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Peter
| Peter Radizeski of RAD-INFO, Inc. talking telecom, Cloud, VoIP, CLEC, and The Channel.

broadband

What is the FCC Trying to Say?

May 6, 2010

The Buzz this week is the FCC's "Third Option" for some form of regulation of the Internet.

This is FCC Commissioner Michael Copps' statement about the Third Option.

"Frankly, I would have preferred plain and simple Title II reclassification through a declaratory ruling and limited, targeted forbearance--wiping the slate clean of all question marks. The quicker we can bring some sense of surety and stability to the present confusion emanating from the Comcast court decision, the better off consumers--and industry, too--will be."

The FCC General Counsel released this statement explaining what FCC Chair Genachowski was trying to say in this statement: "The Third Way: A Narrowly Tailored Broadband Framework".

Re-Title the Internet

May 4, 2010

Last Friday, FCC Chairman Genachowski received a letter from three law professors, all experts on telecommunications law and open Internet rules. "Tim Wu (known for first popularizing the concept of Network Neutrality), Susan Crawford (former White House advisor on telecommunications policy), and Marvin Ammori (lead attorney and representative of intervenors in the FCC's Comcast proceeding and court appeal), called on the FCC to reclassify broadband transmission service as a Title II telecommunications service." [save-the-internet]

Since AT&T blogged about it without mentioning Crawford's name, I know that the spin machine is in effect. But the FCC must act fast before the Duopoly can mount a PR campaign and a war machine.  I'm a firm believer that anything that a Fortune 1000 company lobbies against is best for the consumer. And every time AT&T wants anything, it usually means it's time to reach for the KY. 

For a detailed legal explanation of why broadband was never classified as a Title II telecommunications service, read this.

Of course, the re-classification would be fought, but so what?





An Interview with MegaPath

April 2, 2010

This is the raw footage of an interview with Dan Foster, Chief Sales and Marketing Officer at MegaPath Inc., that we did yesterday.

The first question is about the bundling of the SUTUS Business Central 200 for the Channel. MegaPath's priority is Inter-operability with IP-PBX vendors like SUTUS. MegaPath is the SIP Trunking Partner, pushing leads back to the VAR/Integrator/dealer network, including a rebate off the hardware (if available).

Independent ISP Wins County Broadband Grant

March 31, 2010

"Rapid Systems, a wireless internet service provider, was selected by the Hardee Broadband Project to deploy Motorola's fixed wireless broadband solutions across Hardee County, Fla. Based on Motorola's PTP 800 licensed microwave Ethernet bridges and PMP 320 licensed network access solutions, the wireless broadband infrastructure will deliver affordable, high-speed Internet connectivity to businesses and residents of the county."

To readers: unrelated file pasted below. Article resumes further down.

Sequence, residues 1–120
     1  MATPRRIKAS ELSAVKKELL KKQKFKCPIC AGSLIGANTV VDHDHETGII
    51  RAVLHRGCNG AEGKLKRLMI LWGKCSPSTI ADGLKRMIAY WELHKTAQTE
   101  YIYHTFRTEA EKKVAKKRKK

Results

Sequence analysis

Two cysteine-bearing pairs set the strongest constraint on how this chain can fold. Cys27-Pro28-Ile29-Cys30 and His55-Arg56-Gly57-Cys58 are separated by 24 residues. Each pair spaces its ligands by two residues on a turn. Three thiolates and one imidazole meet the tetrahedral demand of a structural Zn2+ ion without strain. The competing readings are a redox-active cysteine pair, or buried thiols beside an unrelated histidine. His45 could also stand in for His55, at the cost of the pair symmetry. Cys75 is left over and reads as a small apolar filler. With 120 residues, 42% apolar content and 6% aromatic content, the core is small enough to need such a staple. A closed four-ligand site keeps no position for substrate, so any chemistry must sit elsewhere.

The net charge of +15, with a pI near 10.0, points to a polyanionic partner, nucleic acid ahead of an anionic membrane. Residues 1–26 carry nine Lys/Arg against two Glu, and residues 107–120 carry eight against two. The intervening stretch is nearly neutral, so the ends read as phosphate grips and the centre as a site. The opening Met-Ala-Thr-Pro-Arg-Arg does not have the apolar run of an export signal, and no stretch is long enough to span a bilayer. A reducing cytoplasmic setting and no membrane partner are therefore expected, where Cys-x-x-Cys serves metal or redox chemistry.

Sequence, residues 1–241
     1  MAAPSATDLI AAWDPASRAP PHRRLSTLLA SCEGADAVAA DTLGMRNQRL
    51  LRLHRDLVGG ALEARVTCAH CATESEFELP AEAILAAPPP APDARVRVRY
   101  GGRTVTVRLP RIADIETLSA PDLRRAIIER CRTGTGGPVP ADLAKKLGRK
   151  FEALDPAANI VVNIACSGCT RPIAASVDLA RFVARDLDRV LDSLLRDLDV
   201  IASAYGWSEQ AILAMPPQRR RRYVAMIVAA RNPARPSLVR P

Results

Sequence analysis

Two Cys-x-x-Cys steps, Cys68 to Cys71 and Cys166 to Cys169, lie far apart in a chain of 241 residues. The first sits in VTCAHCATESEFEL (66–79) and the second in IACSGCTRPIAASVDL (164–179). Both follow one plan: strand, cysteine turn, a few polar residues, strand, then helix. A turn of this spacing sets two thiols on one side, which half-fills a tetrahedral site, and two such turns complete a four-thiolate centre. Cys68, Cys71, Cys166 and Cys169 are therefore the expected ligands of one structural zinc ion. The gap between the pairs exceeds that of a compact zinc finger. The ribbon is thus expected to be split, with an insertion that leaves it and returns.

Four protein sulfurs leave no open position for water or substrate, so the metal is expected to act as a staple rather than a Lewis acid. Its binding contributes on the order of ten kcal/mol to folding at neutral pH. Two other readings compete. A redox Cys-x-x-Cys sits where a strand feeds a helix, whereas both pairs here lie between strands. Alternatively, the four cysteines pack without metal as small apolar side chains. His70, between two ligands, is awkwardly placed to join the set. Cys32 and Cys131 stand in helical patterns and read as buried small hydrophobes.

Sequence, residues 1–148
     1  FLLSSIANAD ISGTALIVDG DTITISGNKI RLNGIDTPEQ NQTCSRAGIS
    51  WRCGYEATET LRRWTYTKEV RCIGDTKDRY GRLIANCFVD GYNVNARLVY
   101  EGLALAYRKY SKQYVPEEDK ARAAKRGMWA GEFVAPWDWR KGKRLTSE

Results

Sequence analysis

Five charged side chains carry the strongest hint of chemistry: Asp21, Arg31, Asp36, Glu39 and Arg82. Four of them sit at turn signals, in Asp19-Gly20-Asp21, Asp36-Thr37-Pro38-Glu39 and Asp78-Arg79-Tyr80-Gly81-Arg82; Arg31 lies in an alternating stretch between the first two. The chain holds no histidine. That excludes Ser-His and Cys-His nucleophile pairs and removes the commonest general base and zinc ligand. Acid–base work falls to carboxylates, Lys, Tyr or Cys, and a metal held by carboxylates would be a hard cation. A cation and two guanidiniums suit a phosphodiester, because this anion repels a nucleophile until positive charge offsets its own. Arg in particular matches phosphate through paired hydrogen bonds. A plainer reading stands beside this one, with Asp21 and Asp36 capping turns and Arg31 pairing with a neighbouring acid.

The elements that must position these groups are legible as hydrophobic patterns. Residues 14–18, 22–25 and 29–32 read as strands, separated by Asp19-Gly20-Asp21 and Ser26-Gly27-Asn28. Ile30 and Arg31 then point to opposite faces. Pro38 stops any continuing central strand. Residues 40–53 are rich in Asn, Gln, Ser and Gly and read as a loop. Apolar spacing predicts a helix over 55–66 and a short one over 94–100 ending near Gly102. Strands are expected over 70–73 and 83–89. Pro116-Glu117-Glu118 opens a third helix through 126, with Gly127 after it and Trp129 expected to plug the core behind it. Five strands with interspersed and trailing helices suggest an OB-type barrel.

Today, CenturyLink provides DSL in some urbanized areas of the county, but a majority of Hardee County is without a broadband option. Rapid Systems will utilize WiMax from Motorola to supply businesses and residents with a 10MB broadband option.

"The Hardee Broadband Project has emerged as a result of the Federal stimulus focus on bringing broadband services to rural communities.

Covad Acquiring MegaPath

March 31, 2010

Covad announced a merger with MegaPath today. That combines 2 of the 3 independent DSL transport players in the Industry. (The third would be EarthLink's New Edge Networks). Interestingly, MegaPath is a Covad customer.

Our Economic Survival

March 25, 2010

The FCC's National Broadband Plan suggests that adding 500 MHz of spectrum to the mix will fix most things. HA!

I thought when Julius became FCC Chair we would have some change. Instead, we get the idea that if we give more spectrum to companies that already have spectrum we will improve the current situation.

Somebody please explain how?

Sprint, Clearwire, T-Mobile, VZW and AT&T have spectrum that they have not turned up yet. Giving them more - and varied - spectrum will not make any marked improvement. 

How many radios do you thing we can add to a cellular handset?







Ill. Judge Only Smart One

March 12, 2010

Only a single judge in Illinois has the common sense to see that the Frontier-Verizon deal is very similar to the Fairpoint-Verizon deal that resulted in a bankruptcy within 18 months while screwing consumers in three states.

The Herald-Review has a report about "An administrative law judge ruled that the planned sale of Verizon's land-line service to Frontier Communications should not be approved by state regulators.... In her ruling, Administrative Law Judge Lisa M. Tapia says evidence presented in the case in front of the Illinois Commerce Commission doesn't support the sale, primarily because the transaction would leave Frontier too laden with debt to be able to properly manage the lines and other infrastructure."

This was exactly the deal with Fairpoint.

Broadband Speed Test

March 12, 2010

The Gap

March 11, 2010

There's a gap of about 93 million Americas who do have Internet Access (of any kind - not even dialup! I can't even wrap my head around that). The FCC is on a mission to bridge that gap.

Commissioner Clyburn's statement was informative, especially about the proposed "National Digital Literacy Corps in order to help individuals who are unfamiliar with or intimidated by the on-line world develop the skills they need to be comfortable on-line and to take full advantage of all it has to offer." Like a help desk.

FCC, SBA Discusses Broadband

March 2, 2010

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